Grasping performance depends upon the richness of hand feedback
Experimental Brain Research
URL with Digital Object Identifier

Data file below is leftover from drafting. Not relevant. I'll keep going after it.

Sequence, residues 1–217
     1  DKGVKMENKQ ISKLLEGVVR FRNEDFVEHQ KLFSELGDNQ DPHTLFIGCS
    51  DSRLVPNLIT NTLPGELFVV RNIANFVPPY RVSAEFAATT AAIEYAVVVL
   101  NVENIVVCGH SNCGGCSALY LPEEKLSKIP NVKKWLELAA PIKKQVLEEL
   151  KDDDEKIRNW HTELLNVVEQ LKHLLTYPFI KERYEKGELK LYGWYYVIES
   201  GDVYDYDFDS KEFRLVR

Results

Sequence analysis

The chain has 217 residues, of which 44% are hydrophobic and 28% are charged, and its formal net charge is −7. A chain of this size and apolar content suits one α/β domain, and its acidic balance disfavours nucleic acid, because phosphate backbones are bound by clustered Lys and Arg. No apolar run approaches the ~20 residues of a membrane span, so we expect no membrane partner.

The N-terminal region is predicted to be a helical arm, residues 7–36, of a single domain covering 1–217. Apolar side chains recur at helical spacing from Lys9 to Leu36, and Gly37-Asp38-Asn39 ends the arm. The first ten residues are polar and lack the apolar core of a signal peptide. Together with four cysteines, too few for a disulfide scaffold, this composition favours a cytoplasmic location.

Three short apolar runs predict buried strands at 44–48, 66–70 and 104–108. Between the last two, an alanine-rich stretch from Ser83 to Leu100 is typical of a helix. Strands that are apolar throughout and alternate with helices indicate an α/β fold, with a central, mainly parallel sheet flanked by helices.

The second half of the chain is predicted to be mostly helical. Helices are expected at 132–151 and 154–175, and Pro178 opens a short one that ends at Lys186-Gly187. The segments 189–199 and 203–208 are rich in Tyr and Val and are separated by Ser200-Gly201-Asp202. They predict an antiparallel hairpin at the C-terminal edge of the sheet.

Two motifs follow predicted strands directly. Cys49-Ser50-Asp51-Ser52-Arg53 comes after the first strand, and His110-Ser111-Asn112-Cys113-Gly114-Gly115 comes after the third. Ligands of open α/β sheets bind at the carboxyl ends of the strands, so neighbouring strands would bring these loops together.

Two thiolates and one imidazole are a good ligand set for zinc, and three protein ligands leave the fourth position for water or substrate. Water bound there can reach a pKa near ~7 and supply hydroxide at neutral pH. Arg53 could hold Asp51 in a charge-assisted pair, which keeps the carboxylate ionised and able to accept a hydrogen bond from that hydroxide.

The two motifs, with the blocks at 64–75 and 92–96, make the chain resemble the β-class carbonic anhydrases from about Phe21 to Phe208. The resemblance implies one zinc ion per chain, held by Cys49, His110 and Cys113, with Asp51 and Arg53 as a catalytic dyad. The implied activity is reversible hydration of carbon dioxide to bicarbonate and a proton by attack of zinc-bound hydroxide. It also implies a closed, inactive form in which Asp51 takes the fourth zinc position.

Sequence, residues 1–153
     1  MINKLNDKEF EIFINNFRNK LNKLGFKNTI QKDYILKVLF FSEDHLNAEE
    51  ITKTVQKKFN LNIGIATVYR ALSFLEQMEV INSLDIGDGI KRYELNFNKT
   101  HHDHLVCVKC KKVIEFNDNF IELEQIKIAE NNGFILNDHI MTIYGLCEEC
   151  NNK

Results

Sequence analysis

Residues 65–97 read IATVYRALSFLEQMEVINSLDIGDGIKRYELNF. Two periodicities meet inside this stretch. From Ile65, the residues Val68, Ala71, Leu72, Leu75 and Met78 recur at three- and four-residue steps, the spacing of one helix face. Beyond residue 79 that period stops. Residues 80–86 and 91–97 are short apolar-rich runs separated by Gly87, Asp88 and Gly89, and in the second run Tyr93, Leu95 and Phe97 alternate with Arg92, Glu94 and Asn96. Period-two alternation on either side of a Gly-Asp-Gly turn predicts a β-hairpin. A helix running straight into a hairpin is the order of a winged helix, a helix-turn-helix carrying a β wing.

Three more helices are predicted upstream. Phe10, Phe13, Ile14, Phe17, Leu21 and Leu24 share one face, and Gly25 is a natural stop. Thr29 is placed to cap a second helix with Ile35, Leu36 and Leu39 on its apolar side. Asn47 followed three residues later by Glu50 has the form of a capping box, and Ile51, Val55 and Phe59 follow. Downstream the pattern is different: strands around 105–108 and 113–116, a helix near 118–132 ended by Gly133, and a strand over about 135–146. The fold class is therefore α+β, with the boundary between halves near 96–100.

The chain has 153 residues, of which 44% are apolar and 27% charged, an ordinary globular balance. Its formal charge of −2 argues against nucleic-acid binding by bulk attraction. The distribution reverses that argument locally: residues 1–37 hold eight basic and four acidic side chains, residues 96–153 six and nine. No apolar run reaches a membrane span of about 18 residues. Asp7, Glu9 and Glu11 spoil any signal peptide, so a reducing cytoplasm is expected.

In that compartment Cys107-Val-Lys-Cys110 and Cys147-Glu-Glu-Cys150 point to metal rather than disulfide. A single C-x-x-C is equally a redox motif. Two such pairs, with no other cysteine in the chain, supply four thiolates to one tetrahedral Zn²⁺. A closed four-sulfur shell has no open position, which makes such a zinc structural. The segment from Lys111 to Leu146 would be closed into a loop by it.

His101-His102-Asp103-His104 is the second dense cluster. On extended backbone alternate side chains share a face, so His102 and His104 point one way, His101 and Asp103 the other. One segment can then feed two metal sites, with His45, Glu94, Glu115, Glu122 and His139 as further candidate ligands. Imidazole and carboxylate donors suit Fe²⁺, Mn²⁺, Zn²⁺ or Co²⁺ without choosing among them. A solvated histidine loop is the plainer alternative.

Although visual feedback of the hand allows fast and accurate grasping actions, little is known about whether the nature of feedback of the hand affects performance. We investigated kinematics during precision grasping (with the index finger and thumb) when participants received different levels of hand feedback, with or without visual feedback of the target. Specifically, we compared performance when participants saw (1) no hand feedback; (2) only the two critical points on the index finger and thumb tips; (3) 21 points on all digit tips and hand joints; (4) 21 points connected by a “skeleton”, or (5) full feedback of the hand wearing a glove. When less hand feedback was available, participants took longer to execute the movement because they allowed more time to slow the reach and close the hand. When target feedback was unavailable, participants took longer to plan the movement and reached with higher velocity. We were particularly interested in investigating maximum grip aperture (MGA), which can reflect the margin of error that participants allow to compensate for uncertainty. A trend suggested that MGA was smallest when ample feedback was available (skeleton and full hand feedback, regardless of target feedback) and when only essential information about hand and target was provided (2-point hand feedback + target feedback) but increased when non-essential points were included (21-point feedback). These results suggest that visual feedback of the hand affects grasping performance and that, while more feedback is usually beneficial, this is not necessarily always the case.